Storing fine wine in bond
The easiest way to prove unquestionable provenance is to store fine wine in wooden cases in bond (IB) in a bonded warehouse such as London City Bond or Octavian Vaults. Such bonded warehouses provide the optimum environment for fine wine storage, by carefully regulating temperature, humidity and other microclimatic factors.
Bonded warehouses have often built up a trusted reputation over centuries in the UK and are also subject to strict rules, the result being an audit trail for every case stored in bond, which provides you with a solid method for tracing provenance.
In addition wines stored IB are not liable for VAT as they are considered ‘in transit’. A case of IB wine may change hands multiple times without ever leaving the bonded warehouse which removes the risk of damage and disruption. As owner of IB wine you will hold certificates which prove your ownership of the wine as a physical asset- a significant advantage over non-physical assets such as equities which hold no inherent value, other than the paper they are printed on.
Annual storage costs IB are between £10-25 pounds to ensure this perfect provenance.
Wine storage prices vary greatly depending on the location. If you have wines in bond already please contact us to see if we can arrange a better price.
Wines stored in their original wooden casing (OWC) hold most market desirability and garner the best prices. Non-OWC cases sometimes are found in cardboard cases, or in original cases with replacement lids.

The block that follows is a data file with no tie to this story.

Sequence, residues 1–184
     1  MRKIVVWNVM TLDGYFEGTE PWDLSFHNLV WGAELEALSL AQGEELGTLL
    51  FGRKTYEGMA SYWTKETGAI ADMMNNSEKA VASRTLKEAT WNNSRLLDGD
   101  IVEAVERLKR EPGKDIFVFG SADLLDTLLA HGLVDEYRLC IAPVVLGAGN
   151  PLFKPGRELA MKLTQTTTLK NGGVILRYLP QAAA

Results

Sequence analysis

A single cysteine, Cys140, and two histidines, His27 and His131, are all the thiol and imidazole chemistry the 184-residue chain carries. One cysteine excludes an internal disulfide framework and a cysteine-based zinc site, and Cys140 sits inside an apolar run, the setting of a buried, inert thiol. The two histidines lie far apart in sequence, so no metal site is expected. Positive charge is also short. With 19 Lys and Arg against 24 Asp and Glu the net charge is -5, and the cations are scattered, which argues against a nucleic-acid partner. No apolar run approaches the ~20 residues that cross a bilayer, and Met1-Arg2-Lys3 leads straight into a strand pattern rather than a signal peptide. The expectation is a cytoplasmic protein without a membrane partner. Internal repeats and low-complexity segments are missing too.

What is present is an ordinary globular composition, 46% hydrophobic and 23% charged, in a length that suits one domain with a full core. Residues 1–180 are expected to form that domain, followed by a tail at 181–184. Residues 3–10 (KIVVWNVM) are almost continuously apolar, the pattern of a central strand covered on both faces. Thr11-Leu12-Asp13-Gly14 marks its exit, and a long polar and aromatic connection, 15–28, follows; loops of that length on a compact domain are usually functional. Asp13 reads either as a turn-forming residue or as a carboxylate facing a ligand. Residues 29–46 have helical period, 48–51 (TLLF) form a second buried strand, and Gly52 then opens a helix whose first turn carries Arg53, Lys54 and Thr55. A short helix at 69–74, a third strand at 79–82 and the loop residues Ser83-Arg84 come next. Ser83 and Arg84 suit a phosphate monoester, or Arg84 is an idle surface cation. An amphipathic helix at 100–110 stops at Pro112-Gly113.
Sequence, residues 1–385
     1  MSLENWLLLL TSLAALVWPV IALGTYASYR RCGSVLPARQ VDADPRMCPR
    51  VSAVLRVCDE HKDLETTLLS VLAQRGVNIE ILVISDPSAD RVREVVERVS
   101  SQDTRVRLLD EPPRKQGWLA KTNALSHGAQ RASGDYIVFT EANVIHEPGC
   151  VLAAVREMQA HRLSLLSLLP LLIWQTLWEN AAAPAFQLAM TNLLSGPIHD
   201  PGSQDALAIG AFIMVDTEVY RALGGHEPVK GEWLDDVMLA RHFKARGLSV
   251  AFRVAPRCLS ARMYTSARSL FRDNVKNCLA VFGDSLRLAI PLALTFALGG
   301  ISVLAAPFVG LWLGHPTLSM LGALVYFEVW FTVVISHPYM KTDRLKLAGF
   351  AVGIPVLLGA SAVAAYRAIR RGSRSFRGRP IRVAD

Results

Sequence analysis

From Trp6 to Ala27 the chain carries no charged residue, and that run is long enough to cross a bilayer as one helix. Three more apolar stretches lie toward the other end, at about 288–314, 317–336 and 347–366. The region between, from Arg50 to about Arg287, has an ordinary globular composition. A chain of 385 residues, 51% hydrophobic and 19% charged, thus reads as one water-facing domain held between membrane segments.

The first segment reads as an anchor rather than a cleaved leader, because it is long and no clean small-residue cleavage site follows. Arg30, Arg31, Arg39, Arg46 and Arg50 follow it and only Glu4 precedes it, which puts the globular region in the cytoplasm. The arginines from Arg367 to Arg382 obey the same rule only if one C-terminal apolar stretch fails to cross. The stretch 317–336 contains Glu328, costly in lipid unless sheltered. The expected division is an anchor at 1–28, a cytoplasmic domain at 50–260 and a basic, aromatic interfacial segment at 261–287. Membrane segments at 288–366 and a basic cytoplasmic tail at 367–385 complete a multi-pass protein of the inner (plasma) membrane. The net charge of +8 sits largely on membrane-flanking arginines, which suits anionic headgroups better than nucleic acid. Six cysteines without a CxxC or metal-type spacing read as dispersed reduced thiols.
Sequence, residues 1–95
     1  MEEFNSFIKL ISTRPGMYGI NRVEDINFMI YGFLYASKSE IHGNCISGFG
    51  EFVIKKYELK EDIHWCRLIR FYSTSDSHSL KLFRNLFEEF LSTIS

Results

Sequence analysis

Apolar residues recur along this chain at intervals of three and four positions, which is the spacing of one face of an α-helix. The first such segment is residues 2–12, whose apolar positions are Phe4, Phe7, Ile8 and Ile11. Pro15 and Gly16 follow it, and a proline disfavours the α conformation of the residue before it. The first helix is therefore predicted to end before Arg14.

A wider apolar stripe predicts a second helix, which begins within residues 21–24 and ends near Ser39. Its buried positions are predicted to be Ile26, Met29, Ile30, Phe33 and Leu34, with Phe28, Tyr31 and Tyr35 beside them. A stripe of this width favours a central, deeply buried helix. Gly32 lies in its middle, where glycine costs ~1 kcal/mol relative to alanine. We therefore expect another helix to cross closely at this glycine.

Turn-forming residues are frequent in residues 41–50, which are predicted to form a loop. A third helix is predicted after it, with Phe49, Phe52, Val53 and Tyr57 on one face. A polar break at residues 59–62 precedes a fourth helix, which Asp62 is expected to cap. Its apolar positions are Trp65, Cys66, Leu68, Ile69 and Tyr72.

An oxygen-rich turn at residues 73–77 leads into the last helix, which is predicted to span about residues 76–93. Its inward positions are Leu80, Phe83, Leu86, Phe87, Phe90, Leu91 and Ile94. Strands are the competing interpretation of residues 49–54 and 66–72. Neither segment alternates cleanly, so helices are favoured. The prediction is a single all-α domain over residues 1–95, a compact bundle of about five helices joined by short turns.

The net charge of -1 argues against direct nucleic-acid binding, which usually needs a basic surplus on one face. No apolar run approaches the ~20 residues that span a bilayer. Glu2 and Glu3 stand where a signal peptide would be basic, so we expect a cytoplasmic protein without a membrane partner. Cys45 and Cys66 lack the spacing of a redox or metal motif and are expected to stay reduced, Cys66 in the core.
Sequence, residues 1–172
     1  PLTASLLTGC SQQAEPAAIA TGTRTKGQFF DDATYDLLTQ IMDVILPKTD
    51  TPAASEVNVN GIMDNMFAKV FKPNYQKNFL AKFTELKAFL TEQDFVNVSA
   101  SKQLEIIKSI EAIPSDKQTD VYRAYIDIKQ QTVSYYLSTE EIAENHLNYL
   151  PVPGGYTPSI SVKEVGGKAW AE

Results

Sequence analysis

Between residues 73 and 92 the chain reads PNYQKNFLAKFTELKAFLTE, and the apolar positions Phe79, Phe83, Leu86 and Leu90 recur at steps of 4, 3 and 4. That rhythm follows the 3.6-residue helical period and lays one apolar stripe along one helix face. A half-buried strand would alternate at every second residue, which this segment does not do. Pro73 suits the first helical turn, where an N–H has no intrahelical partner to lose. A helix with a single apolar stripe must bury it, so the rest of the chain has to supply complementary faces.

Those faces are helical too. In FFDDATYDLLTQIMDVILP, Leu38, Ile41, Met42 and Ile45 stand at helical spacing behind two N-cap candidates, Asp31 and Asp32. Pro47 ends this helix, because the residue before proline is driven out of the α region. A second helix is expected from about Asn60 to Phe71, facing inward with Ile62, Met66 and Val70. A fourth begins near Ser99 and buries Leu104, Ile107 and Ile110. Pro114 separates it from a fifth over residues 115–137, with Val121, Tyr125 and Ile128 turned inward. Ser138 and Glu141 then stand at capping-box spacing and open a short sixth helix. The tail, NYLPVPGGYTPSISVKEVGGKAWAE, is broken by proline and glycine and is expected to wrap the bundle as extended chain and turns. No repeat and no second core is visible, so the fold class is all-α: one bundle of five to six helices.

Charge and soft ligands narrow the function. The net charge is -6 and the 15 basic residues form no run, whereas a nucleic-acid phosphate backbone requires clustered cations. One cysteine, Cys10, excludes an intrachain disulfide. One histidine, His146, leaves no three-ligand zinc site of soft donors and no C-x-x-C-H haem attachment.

Duty paid cases
Wines that have been removed from bond, and thus have had the Excise Duty and VAT paid on them (DP), will generally command a lesser price than those which have never been removed from bond. From a buyer’s perspective, IB cases are far more desirable than DP cases as they can offer immaculate provenance
US strip label stock
Wines that have been imported into the US have an importation sticker placed on them by the relevant importing firm. Wines bearing this sticker have reduced desirability as they have obviously spent a significant period in freight, more often than not without any significant assurances as to the environment in which they have been stored or records of their movements.
With cases of wine that are of a significant age, a certain degree of soiling or damage to labels is to be expected. Wine bottle labels yellow or wrinkle naturally over time whilst being stored at optimum temperature and humidity. Thus, as long as provenance is impeccable, soiling of this kind in aged bottles should not detract from value.
When purchasing fresh stock, one should ensure that labels and capsules are in mint condition, that wine levels are into the bottle neck (with some exceptions for certain wines in certain vintages), and that bottles come in OWC.
A number of the most desirable wine brands have been taking measures to battle the counterfeit trade that has sprung up as prices for their wines have soared. The Prooftag system has been adopted by some producers, including all the wines of Chateau Lafite-Rothschild (beginning with the 2009 vintage), a technology on all bottles that means that they can be traced and validated upon request.
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